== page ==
1969. Doing so will also help contextualise subsequent analysis. For example, the discussion on Northern Ireland will consider, among other issues, the use of law against subversion, what on-island terrorism meant for the Defence Forces’ operational posture and the challenges which border security posed for the frontline agencies. Finally, and by way of placing contemporary Irish national security
). On September 25 the government, through its spokesman, confirmed that Ireland was not under threat of a direct attack but could suffer ‘collateral damage’ in the event of an attack close by (O’ Connor and Minihan 2001). Days later, on October 3, the State’s national security policy was significantly revised, with the introduction of new management structures for emergency planning (O’ Connor 2001b
On the afternoon of September 11 2001 the Irish Prime Minister (Taoiseach), Bertie Ahern ordered the ‘heads of the security services of key government departments’ to undertake a complete re-evaluation of measures to protect the state from attack. Hence, underway within hours of the 9/11 outrage in the United States was potentially the most far-reaching review of Irish national security in decades. This book, an academic investigation of Irish national security policy as it has operated since 9/11, provides a theoretically informed analysis of that re-evaluation and the decisions that were taken as a consequence of it up until September 2008. In so doing, it draws on unprecedented access to Ireland's police, security and intelligence agencies; over twenty senior personnel agreed to be interviewed. Questions are raised over the effectiveness of the Irish agencies, the relative absence of naval and airborne defence and the impact on national security of the policy imperative to transform the Defence Forces, particularly the army, for more robust missions overseas. The book also considers the securitisation of Irish immigration policy and the apparent absence of a coherent integration policy despite international evidence suggesting the potential for radicalisation in socially marginalised western communities. Theoretically, the book demonstrates the utility to the analysis of national security policy of three conceptual models of historical institutionalism, governmental politics and threat evaluation.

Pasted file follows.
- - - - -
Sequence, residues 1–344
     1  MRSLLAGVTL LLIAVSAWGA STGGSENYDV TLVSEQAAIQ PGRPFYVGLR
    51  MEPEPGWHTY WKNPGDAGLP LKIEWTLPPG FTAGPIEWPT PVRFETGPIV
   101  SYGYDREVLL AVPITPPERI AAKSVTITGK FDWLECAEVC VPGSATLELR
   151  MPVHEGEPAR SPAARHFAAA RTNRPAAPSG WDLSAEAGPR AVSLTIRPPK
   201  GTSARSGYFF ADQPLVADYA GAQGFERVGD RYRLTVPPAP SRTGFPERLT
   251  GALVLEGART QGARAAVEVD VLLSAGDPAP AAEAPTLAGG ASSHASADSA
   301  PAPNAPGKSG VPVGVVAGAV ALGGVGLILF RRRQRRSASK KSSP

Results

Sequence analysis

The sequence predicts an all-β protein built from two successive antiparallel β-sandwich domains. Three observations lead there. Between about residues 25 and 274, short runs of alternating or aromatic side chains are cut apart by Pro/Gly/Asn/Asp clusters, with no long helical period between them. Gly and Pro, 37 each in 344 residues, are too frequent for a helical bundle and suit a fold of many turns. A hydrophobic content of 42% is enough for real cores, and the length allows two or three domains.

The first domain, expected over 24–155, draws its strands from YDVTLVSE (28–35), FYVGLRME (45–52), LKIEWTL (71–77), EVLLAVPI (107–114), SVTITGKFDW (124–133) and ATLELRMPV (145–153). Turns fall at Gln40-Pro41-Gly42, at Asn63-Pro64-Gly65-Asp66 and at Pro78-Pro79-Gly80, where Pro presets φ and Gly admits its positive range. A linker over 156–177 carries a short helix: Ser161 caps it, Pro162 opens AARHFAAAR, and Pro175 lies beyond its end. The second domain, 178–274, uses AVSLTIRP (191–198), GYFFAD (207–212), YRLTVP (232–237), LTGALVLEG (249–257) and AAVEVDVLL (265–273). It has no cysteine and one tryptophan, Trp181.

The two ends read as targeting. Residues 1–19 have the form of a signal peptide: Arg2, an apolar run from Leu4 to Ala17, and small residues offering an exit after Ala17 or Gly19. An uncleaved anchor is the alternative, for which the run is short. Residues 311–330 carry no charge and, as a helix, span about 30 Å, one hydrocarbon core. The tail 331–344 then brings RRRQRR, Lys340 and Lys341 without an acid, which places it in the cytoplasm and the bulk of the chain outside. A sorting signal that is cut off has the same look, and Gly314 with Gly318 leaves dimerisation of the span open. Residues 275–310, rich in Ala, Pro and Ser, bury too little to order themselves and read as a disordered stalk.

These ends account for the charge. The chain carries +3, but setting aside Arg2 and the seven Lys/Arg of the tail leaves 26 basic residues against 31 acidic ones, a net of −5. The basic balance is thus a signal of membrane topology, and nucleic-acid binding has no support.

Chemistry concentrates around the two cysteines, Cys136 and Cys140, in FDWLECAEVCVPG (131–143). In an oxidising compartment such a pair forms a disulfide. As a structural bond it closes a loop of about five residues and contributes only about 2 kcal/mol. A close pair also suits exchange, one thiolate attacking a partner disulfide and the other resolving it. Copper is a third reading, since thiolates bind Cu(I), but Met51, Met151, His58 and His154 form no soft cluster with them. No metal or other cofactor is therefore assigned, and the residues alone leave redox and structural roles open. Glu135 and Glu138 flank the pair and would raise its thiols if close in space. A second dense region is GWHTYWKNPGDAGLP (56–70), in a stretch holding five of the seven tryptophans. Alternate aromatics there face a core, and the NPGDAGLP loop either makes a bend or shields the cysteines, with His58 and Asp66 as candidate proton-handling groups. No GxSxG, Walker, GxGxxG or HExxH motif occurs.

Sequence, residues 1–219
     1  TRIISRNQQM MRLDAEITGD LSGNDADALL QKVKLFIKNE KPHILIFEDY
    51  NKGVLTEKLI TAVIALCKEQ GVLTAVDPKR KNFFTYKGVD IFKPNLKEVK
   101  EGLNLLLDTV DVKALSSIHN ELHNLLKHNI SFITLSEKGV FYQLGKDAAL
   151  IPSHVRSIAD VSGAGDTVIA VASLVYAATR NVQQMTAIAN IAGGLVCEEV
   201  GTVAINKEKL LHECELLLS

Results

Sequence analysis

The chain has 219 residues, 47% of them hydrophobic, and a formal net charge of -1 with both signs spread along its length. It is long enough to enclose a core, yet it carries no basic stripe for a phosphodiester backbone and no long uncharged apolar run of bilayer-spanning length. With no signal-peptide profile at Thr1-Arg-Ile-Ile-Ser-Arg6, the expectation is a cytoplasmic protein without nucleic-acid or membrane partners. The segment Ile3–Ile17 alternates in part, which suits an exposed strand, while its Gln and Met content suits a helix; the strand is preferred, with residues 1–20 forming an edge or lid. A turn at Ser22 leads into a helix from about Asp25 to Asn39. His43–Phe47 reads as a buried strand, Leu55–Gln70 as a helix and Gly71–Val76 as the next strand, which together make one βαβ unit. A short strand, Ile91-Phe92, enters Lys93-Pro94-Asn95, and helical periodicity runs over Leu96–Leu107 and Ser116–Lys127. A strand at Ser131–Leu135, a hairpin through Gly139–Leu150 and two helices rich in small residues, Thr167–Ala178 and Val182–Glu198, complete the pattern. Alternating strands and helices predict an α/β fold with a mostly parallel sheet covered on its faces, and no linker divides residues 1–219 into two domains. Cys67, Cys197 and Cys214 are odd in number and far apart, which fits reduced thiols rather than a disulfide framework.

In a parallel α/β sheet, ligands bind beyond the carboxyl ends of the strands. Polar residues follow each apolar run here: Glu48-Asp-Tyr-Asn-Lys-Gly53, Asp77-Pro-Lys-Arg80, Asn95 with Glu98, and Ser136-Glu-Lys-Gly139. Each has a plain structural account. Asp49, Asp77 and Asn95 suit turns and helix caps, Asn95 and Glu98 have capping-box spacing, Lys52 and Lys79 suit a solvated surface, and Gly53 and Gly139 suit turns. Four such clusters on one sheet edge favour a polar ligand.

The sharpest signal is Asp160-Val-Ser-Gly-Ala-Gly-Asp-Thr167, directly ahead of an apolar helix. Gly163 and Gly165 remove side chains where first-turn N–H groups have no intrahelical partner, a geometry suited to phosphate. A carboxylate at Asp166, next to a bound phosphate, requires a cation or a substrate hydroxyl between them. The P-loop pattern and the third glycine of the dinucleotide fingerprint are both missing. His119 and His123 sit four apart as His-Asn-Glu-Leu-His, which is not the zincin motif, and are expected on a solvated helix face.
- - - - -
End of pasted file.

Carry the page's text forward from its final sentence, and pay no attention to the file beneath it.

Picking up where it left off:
This book examines the intellectual frameworks within which the case for war in Iraq has developed in the US and the UK. It analyzes the neoconservative roots of the decision to go to war. The book also analyzes the humanitarian intervention rationale that was developed in the context of the Kosovo campaign, Tony Blair's presentation of it, and the case of Iraq. It looks at the parallel processes through which the George Bush administration and Blair government constructed their cases for war, analyzing similarities and divergences in approach. The book considers the loci of the intelligence failure over Iraq, the lessons for the intelligence communities, and the degree to which the decision to go to war in Iraq represented a policy rather than an intelligence failure. It then complements the analyses of US prewar intelligence failures by analysing what post-war inquiries have revealed about the nature of the failure in the UK case. The book discusses the relationship between intelligence and policymaking. It looks at how US Congress dealt with intelligence before the war. The book also examines how the Bush administration tried to manage public opinion in support of its war policies. It then looks at the decisionmaking process of the Bush administration in the year before the war in Iraq. Finally, the book also provides excerpts from a number of speeches and documents which are key to understanding the nature of national security decisionmaking and intelligence failure.